Saturday, 28 May 2022

Transfer by Operation of Law


The Transfer of Property Act, 1882 would not apply to transactions made by law. It only applies to transactions made by act of parties.  Clause (d) states that the following transfers are exempt from the provisions of this Act:

  1. by operation of law,

  2. by a decree or order of a Courts of competent jurisdiction,

  3. In execution of such a decree or order.

The exception in saving clause (d) was itself an exception. It states that this Act shall not be deemed to affect any transfer rendered by operation of law, by decree or order of a court of competent jurisdiction, or in its execution, except as provided by section 57 and Chapter IV of this Act. Section 57 deals with sales and the discharge of encumbrances on sales, while Chapter IV is for mortgages on immovable property.

Persons authorized to dispose of the Property

Any person who is authorized to dispose of the property is competent to transfer it too. A Will is also a method of transferring property. It is the testator's testament. It is a posthumous disposition of the testator's estate, directing the manner in which his estate would be distributed after his death. It is not an inter-vivos transfer. A Will has two basic characteristics: it is supposed to take effect only after the testator's death, and it is revocable at any point during the testator's lifetime. If the testator, who is not married, marries after making the Will, it is automatically revoked by operation of law (Sections 69 and 70 of the Succession Act, 1925). While the testator is alive, registration of a Will does not make it effective.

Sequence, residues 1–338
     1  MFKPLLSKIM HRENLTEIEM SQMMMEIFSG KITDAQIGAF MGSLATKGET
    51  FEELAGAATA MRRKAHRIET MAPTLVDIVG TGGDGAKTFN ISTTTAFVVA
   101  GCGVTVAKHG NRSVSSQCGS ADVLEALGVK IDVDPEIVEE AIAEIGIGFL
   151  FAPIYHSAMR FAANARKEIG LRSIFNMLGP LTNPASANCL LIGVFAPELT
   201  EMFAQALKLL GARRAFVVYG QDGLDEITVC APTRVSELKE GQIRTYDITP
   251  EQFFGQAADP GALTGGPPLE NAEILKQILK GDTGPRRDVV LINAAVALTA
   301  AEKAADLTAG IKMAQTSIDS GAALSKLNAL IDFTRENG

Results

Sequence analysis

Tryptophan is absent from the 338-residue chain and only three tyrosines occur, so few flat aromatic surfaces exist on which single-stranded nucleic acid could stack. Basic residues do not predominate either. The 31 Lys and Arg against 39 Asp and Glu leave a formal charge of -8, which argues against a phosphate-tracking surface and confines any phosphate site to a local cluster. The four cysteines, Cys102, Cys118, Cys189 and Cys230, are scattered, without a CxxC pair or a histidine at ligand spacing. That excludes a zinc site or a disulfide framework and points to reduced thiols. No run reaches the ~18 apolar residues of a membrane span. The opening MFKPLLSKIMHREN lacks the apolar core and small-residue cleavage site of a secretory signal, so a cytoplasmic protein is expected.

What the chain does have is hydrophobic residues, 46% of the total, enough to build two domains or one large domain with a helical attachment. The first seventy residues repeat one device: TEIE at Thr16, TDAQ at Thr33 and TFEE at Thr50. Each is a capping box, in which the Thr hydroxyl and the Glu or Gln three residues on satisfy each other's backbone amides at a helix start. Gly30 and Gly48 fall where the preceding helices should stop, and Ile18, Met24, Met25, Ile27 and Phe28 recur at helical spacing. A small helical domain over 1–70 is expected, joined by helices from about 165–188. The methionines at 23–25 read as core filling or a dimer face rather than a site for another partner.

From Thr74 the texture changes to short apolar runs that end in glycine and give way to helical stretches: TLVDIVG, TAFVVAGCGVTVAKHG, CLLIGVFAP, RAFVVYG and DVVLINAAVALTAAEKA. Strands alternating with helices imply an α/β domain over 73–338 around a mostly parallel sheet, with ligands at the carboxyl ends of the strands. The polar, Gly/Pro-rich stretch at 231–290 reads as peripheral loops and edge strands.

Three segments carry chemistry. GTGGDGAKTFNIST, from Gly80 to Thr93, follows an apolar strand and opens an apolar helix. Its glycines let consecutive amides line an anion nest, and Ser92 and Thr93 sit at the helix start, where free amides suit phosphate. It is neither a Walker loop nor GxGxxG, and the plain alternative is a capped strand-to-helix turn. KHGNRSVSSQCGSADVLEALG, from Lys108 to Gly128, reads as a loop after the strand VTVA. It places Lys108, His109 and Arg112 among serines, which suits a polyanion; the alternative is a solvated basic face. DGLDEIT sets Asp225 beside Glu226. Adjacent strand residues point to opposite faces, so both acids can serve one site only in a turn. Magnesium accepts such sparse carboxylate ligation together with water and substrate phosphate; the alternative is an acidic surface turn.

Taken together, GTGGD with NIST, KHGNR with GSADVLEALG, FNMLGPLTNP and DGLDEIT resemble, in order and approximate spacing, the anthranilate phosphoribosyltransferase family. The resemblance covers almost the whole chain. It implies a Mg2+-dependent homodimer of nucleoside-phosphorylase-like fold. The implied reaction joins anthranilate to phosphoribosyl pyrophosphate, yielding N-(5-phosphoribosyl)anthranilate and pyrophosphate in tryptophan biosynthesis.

Inter Vivos Transfers

Inter Vivos transfer deals with transfers between transferor and transferee only. It has no application where third parties are involved.


Involuntary Transfers

Transfers by operation of law are known as involuntary transfers, for example, court sales. Section 52 applies to all types of pendente lite transfers. Previously, there was a controversy over whether Section 52 applied to involuntary transfers, but now it is clear that Section 52 applies to transfers made by operation of law as well.

Seller’s Right after Sale

When the ownership of the property has passed to the buyer before payment of the whole of the purchase-money, the seller becomes entitled to a charge upon the property. This is regarded as the seller's statutory charge for the unpaid price. The charge establishes a payment right against the specified property. It can be generated by a party's act or by the operation of law. The charge is made by operation of law under the sub-section, and the property defined for securing the money is sale-property. Since the seller is not allowed to keep possession under this right, the charge is referred to as a non-possessory lien.


A mortgage is the establishment of a security interest in a property for the purpose of repaying a debt. Once the mortgage debt is discharged by a person beneficially interested in equity of redemption, the mortgage comes to an end by operation of law. As a result, the relationship between the mortgagor and the mortgagee is no longer viable.

Transfer by Operation of Law by Velanati Jyothirmai @ Lex Cliq

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